The author did a great job of tying names of the characters to their personalities and what they represented. When it came to the sex and the senses, the author described actions and feelings in terms of nature without becoming repetitive. The writing flowed nicely without dragging.
This is a fun, fairytale style read, with imaginative usage of words. Easy to read with a HEA, I'd recommend this to anyone looking for a low angst, fast and happy read. I give this 4 Stars.
I wasn't sure what to expect with "True Nature" by Jessica Freely, and I was pleased to discover that the book was a charming slow-building romance. Ms. Freely uses a good deal of nature humor with her word choices, and astute readers will be able to guess the backgrounds of secondary characters based on their names.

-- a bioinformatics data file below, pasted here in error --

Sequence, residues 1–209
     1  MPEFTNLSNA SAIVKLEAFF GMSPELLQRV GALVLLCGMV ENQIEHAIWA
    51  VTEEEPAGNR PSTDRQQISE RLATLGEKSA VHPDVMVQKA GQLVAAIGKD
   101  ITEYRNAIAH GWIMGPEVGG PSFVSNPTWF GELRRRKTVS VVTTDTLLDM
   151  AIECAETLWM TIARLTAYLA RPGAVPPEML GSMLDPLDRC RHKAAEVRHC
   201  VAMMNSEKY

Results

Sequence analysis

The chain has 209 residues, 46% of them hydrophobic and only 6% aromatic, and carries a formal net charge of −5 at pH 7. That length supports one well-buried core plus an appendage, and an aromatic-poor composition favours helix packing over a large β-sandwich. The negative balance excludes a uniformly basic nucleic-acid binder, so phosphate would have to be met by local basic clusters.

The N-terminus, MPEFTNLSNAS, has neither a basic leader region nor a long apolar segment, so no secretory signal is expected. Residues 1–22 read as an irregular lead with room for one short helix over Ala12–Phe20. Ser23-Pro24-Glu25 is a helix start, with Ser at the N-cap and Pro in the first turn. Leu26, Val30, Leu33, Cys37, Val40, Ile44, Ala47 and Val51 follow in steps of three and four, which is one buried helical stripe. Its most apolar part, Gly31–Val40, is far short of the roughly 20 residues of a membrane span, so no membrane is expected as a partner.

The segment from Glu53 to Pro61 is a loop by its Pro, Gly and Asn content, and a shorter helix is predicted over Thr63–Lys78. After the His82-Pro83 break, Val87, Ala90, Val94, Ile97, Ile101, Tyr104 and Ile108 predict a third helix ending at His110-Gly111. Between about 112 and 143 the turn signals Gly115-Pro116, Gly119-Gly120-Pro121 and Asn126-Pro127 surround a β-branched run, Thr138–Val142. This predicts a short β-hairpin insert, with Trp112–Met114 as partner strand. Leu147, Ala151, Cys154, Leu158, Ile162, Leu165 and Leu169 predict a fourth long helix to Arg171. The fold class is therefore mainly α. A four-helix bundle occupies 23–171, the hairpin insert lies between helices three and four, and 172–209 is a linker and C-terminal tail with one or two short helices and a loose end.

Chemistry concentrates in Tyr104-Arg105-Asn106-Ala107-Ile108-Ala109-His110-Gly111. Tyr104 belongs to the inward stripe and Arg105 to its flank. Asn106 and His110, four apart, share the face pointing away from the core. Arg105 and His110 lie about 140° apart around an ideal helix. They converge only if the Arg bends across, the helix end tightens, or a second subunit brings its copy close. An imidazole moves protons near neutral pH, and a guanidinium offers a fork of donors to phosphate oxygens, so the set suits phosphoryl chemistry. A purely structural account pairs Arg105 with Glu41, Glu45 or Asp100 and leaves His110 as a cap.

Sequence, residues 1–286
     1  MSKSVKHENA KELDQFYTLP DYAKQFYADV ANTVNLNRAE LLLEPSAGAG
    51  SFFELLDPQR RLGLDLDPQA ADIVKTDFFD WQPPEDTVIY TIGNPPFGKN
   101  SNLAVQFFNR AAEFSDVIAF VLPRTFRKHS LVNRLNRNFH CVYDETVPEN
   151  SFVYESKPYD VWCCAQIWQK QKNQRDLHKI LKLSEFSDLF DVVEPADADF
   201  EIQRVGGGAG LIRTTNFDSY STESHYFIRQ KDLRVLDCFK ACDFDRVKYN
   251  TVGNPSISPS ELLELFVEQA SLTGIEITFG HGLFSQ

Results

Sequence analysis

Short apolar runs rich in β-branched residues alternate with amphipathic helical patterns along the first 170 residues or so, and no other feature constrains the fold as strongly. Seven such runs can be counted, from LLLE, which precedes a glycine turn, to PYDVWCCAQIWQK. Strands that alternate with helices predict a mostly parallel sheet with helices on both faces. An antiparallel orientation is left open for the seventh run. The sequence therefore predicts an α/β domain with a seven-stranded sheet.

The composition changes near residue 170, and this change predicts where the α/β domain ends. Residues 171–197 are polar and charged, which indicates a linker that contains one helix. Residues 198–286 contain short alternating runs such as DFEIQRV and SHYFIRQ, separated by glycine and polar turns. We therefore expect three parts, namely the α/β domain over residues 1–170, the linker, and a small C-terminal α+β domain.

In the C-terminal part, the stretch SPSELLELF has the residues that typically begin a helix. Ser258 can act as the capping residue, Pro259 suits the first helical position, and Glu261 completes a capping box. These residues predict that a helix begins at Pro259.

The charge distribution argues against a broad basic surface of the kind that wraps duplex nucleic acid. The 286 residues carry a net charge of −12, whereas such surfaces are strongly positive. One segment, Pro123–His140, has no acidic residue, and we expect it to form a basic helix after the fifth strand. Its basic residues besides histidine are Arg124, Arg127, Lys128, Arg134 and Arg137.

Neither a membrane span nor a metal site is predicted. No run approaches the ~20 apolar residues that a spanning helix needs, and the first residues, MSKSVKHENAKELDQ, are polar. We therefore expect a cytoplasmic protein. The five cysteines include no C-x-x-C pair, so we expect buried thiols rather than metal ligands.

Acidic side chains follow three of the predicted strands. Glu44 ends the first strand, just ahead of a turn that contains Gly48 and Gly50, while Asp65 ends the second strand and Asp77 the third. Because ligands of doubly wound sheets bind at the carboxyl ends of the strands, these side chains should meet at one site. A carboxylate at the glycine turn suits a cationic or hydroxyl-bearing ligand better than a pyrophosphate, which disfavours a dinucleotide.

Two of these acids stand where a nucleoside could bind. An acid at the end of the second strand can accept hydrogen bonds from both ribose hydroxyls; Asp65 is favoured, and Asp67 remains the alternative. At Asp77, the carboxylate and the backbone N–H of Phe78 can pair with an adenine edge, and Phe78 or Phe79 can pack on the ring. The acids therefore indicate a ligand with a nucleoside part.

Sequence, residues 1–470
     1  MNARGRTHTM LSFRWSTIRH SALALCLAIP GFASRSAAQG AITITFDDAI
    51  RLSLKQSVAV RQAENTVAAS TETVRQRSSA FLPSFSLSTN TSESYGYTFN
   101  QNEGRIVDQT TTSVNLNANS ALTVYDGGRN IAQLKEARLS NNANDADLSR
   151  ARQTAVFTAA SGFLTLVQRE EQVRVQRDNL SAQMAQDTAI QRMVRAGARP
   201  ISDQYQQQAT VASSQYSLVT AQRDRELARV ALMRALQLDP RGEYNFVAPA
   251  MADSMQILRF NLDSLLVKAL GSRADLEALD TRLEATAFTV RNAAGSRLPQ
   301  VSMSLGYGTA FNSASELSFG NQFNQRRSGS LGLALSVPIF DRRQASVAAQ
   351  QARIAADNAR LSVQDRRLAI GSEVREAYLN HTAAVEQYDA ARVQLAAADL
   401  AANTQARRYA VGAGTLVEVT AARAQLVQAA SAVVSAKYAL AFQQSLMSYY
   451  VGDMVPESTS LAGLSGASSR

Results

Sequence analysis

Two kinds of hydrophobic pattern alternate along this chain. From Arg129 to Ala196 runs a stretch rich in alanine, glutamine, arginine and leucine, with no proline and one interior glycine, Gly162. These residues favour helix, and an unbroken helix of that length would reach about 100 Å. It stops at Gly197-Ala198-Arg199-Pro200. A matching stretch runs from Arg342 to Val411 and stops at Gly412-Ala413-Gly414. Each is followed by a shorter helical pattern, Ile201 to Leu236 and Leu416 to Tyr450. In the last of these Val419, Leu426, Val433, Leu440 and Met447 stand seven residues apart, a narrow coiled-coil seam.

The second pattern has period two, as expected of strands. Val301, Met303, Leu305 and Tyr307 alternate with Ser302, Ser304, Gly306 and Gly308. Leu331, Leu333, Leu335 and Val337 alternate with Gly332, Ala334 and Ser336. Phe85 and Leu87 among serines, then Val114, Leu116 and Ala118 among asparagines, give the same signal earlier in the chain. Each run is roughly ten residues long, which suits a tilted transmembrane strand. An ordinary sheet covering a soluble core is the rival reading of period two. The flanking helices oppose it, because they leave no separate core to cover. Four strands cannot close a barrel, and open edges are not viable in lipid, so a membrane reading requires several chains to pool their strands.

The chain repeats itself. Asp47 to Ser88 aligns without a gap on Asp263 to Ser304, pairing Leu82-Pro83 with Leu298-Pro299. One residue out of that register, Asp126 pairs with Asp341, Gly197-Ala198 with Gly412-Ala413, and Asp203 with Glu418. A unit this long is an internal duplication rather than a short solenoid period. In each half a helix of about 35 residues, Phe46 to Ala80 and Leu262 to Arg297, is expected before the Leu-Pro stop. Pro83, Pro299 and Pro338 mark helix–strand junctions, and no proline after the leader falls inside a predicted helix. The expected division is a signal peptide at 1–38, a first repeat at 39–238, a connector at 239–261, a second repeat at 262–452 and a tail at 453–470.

The two main characters are Lake Clearwater (a naiad) and Forrest Oakwood (a dryad). They live a large portion of their daily lives as conservation officers for the Department of Natural Resources, but they each have a secret deeper connection with nature. Both men are Guardians of Gem Pond with responsibilities to protect the natural habitat from destruction and harm. One of the major twists in the story, however, is that each man is hesitant to tell the other that they are Guardians. Another significant element of the story is that Lake and Forrest are both gay and attracted to each other, but they try to keep their feelings contained out of professional respect for one another. I enjoyed the opportunity to see Lake and Forrest slowly reveal their strengths and get to know each other, which helped make their romance seem more true-to-life amidst the supernatural aspects to the story.
The pressures of a past tragedy weighs on Lake, who wants this Guardianship to be more successful than one he held several years ago. Forrest has lived at Gem Pond for his entire life, and he feels responsibility towards his neighbors and home. As another DNR officer begins to threaten Gem Pond, Lake and Forrest rise to the challenge and work together to save their home, falling in love at the same time.
I look forward to reading more by Jessica Freely. I recommend "True Nature."